Studio – The Vaults
Reviewed – 18th February 2020
“Hesmondhalgh maintains a comic buoyancy throughout, allowing for the story to move on from the inevitable darker moments”
At 23, Rosa has decided this is going to be her year. She is going to get fit, she’s going to make good life choices and she’s going to write a show as good as Fleabag. Easy peasy. But whilst she’s been busy yogaing and dating and thinking about thinking about starting to write, unbeknownst to her, her body has been taken over by cancer. After a couple of weeks of painful bloating (trapped wind, she guesses) she drops into A&E, and pretty much doesn’t leave for six months.
Based around Hesmondhalgh’s own experience of a young diagnosis, she talks us through some of the physical sensations, the emotional struggles, and the essential support system who gathered tightly around her for the whole process. It’s not a ground-breaking story, but of course it isn’t, it happens to thousands of people every day. And that’s why it’s so relatable, and such a necessary story to tell.
I tend not to read synopses before seeing a show so I was genuinely shocked when it became clear this is a story about a cancer survivor, and not an out and out comedy, as the first ten minutes might suggest. But Hesmondhalgh maintains a comic buoyancy throughout, allowing for the story to move on from the inevitable darker moments. Her delivery is also starkly open and honest, sometimes painfully so, and there’s a very relatable sense that she’s trying to keep it light, trying to keep it funny, but that her experiences won’t let her. She also makes great use of her only prop, a projector screen, on which she plays with Tinder, Whatsapps, neurotically Googles (can I have IBS and still poo) and, the pièce de résistance, receives a personal message from Louis Theroux which makes me as happy as if he’d sent it to me. Even though it’s overtly present in most people’s lives in various forms, technology is often left out, or used really bizarrely in the arts, so it’s refreshing to see it included realistically.
With a story like this, the obvious arc concludes with a new lease on life and everything somehow being better than before. Hesmondhalgh tries to steer away from that, touching on her PTSD, meditating briefly on her now absent ovary, and returning to the hospital to visit a fellow cancer survivor only to discover she didn’t survive.
But she can’t quite resist a soppy ending, finishing off with a montage of photos and videos of friends and family during her illness, and of course the much beloved Louis Theroux’s well wishes. Sure, it erases any edginess from the show, but it’s also evidence of the ardent community involved in this near-on tragedy – something you can’t really express in a fictional tale.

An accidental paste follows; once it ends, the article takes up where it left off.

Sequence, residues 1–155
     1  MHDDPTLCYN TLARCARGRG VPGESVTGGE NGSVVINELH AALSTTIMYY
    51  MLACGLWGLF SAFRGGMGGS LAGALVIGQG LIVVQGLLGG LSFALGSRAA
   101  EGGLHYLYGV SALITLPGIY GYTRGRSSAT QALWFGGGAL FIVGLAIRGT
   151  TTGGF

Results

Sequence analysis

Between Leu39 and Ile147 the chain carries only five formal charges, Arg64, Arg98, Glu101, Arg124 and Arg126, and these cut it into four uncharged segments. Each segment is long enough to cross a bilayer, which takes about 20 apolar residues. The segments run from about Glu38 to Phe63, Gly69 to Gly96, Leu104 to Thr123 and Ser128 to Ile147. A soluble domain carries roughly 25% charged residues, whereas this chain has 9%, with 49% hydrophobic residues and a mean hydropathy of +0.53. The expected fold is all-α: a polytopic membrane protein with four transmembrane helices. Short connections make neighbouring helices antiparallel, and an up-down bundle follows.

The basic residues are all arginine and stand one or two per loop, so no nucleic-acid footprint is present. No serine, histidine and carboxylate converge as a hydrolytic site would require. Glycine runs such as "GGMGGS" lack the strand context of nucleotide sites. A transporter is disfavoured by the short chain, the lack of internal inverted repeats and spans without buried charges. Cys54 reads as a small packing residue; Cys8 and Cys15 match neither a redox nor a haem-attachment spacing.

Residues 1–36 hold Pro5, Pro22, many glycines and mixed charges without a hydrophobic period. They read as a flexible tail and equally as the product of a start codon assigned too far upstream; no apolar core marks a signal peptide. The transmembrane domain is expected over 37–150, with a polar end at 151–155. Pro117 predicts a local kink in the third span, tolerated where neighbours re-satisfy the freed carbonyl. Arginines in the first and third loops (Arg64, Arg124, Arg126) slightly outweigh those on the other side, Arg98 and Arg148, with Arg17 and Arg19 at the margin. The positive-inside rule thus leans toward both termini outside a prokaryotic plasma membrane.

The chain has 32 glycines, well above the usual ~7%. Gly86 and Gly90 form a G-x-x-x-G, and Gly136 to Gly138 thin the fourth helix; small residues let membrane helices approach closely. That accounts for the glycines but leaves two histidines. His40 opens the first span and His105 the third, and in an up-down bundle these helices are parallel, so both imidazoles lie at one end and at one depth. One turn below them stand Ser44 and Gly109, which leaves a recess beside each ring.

Maybe it’s not as good as Fleabag, but Hesmondhalgh has created something worthy in its own right. A comic tear-jerker with a real-life heroine at the centre.
Reviewed by Miriam Sallon
Reviewed – 8th November 2019
“Alone on stage for sixty minutes, Hesmondhalgh holds the attention effortlessly”
How do you cope with a cancer diagnosis when you are only twenty-three and on the brink of a new life full of possibilities? If you are Rosa Hesmondhalgh, you write a frank, yet funny blog about your experiences, and then turn that material into an inspirational one woman show that plays to packed houses at both the Edinburgh Festival Fringe, and then in London at the Pleasance Theatre in Islington.
It’s 2018, and Rosa has just graduated from drama school. She’s made resolutions about taking better care of her body, and “making some really good art.” She’s got a promising sounding date on Tinder, and it goes really well. But something—isn’t quite right. Dismissing the symptoms as just gas, Rosa waits to go to the A and E until she can ignore them no longer. What follows is the stuff of nightmares, but in Madame Ovary, Rosa guides us through an unforgettable experience of love, loss—and epiphany.
Alone on stage for sixty minutes, Hesmondhalgh holds the attention effortlessly, but it’s not just because of her uncompromising look at a disease that is well known for forcing an awareness of one’s own mortality. She meets the audience head on dressed in yoga clothes, using her body as well as her words to tell her story. It’s an ongoing joke that her increasing difficulty in doing the yoga poses that are supposed to make her healthier are some of the things that alert her to the inexplicable changes going on in her body. Her humour helps lighten the seriousness of the situation, but also preps us for the education that is about to commence.
It’s truly remarkable how much medical information this show delivers while focusing on the more relatable aspects—meeting the people, and their supporters, for whom the struggle to survive is all too real. Hesmondhalgh’s approach is to focus on the ‘F’ words—family, friends, and the future—in a way that doesn’t negate the pain or the brutality of the treatments that rob her of her hair and more significantly, her ovaries. In her “new normal” where connections may be brief, she, and we, discover that they are nevertheless important and well worth the effort. It is this awareness of paradox in the writing that makes Madame Ovary such a satisfying evening in the theatre, despite the difficulty of the material. When at the end of the show, the actress declares “I’m not better, but things are better” she succeeds in helping us to understand both the uncertainty and the faith in that statement. It’s an impressive achievement.
Madame Ovary is well worth your time if you can get to see it, so keep an eye open for opportunities. It’s a show that should be revived often—as long as battles against cancer are still there to be fought, and lessons to be learnt on how to take on this ancient enemy—and win.
Reviewed by Dominica Plummer
Pleasance Theatre until 10th November
Previously reviewed at this venue: